Atlus’ eclectic role-playing spectacles such as the Shin Megami Tensei: Persona series as well as out-of-the-box titles like Catherine and 3D Dot Game Heroes have been hugely supported by Western audiences, but the development team has now a bigger issue to tackle concerning them and their parent company.
For those with a shy knowledge of Japanese law and it’s procedures, the story goes like this: Index Holdings, the primary source responsible for funding and spearheading all of Atlus’ projects, developers and assets, has been accused of fudging their sales numbers as of late—or rather, lying about how much money made off of the products being sold, of which the accuser claim they’ve been boasting those numbers up quite a bit. The company has since filed for rehabilitation and will be undergoing several procedures in efforts to clear their name and save the company.
Their offices were raided by Japanese surveillance officials after several instances of the company’s round tripping habits—a tactic that basically allows for an entity to sell off assets to another firm and then have the same firm sell those directly back to the owners. This creates the illusion that games were bought by many individuals and the numbers of sales rising.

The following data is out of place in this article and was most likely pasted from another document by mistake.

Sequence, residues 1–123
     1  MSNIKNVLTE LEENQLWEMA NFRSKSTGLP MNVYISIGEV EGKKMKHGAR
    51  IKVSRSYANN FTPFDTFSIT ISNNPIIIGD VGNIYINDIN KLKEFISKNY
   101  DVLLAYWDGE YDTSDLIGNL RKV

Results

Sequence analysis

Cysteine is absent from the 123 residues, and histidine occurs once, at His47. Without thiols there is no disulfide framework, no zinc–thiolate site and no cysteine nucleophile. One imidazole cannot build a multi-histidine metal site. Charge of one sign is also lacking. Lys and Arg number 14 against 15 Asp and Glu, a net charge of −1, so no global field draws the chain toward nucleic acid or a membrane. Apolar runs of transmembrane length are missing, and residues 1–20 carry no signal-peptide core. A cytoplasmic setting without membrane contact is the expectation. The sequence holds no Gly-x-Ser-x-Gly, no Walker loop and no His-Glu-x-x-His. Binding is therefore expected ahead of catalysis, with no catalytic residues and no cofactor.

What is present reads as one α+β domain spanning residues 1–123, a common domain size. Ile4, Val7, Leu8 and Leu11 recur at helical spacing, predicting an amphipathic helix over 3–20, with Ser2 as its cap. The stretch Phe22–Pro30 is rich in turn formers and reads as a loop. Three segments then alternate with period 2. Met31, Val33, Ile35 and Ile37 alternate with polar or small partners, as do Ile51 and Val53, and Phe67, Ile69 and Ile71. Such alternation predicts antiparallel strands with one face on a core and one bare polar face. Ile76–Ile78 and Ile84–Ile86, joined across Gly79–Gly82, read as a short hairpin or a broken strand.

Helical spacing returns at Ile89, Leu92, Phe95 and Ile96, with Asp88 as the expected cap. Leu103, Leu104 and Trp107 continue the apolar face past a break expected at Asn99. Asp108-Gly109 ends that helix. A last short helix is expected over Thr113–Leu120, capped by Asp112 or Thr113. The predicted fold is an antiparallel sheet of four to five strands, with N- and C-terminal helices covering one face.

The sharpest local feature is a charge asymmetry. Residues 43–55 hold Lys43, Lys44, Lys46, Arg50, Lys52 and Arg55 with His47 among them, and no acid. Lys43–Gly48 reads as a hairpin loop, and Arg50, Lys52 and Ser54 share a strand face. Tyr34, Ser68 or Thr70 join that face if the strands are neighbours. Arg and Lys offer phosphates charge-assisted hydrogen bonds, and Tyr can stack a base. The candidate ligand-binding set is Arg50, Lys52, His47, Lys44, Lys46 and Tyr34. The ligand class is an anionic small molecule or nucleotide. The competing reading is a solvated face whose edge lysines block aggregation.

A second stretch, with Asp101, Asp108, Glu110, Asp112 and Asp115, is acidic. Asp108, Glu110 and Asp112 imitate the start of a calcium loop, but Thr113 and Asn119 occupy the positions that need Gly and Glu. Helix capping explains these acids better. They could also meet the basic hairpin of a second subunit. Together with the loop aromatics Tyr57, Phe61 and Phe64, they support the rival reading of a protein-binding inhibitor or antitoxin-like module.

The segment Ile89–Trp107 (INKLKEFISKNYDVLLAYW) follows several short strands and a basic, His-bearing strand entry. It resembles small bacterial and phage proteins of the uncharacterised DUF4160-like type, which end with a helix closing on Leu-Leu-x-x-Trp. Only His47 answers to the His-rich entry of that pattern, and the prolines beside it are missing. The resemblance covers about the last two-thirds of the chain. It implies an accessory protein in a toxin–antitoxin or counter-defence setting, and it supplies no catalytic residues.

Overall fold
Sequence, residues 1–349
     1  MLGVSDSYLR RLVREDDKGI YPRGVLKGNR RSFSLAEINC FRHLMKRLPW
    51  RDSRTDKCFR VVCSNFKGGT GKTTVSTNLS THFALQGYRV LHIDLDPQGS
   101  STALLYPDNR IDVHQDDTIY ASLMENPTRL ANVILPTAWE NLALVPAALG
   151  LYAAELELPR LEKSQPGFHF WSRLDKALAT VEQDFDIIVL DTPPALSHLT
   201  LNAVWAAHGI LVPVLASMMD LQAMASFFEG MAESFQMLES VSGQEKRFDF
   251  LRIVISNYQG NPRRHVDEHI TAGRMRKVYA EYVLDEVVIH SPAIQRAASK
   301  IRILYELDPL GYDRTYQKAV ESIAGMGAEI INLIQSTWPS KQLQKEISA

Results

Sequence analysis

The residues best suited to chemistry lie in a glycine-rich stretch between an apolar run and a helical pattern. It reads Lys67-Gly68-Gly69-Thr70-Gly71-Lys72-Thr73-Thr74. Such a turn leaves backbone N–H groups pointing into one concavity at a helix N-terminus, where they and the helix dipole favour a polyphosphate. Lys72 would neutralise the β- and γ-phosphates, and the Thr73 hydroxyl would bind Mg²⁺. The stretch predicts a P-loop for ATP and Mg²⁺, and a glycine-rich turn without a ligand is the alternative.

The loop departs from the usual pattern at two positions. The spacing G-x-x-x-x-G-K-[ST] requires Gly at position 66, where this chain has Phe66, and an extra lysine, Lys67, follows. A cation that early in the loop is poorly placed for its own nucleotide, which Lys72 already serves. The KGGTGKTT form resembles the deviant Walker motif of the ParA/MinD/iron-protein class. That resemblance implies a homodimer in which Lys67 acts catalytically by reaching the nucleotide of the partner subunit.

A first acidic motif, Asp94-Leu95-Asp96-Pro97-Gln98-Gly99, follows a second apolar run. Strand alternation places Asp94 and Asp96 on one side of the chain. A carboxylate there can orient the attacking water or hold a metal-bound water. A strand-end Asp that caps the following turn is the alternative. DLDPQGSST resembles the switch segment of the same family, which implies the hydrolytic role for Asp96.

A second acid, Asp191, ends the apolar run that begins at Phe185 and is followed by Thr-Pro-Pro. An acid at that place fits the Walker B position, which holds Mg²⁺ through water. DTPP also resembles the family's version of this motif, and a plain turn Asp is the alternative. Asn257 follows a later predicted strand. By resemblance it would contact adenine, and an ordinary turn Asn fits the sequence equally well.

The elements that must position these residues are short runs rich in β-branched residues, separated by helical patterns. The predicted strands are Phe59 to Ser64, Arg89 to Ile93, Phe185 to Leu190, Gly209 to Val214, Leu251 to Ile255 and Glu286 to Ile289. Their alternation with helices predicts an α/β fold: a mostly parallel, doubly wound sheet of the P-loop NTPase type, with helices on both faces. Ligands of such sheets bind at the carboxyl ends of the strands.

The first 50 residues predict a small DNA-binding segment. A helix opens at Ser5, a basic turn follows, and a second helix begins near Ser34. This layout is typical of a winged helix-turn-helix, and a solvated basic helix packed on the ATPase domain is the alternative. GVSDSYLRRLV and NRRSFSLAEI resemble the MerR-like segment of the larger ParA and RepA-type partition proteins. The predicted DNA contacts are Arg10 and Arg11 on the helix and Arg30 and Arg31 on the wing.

The practice is deemed immoral and unlawful in the land of the rising sun.
It’s also important to note that several higher ups of Atlus have motioned their wanting to part ways with the company, especially CEO Yoshimi Ochiai and board director Masami Ochiai.
While there are no charges currently set in motion, it does bring up a little bit of shake of the company. If things go awry, the very developers who have pumped out countless amount of amazingly rich JRPG’s may find themselves asunder in the gaming business spectrum. Many speculate that there probably will be a sale in the near future.
Joining the fray of Persona 4: Golden, their recent Nintendo 3DS release of Shin Megami Tensei IV has already caught a lot of thumbs up across the board. Fans on message forums and social media are anchoring for the company’s speedy recovery.
Let’s hope they do. Either that, or they jump ship and find a more reliable backing company. Logical right?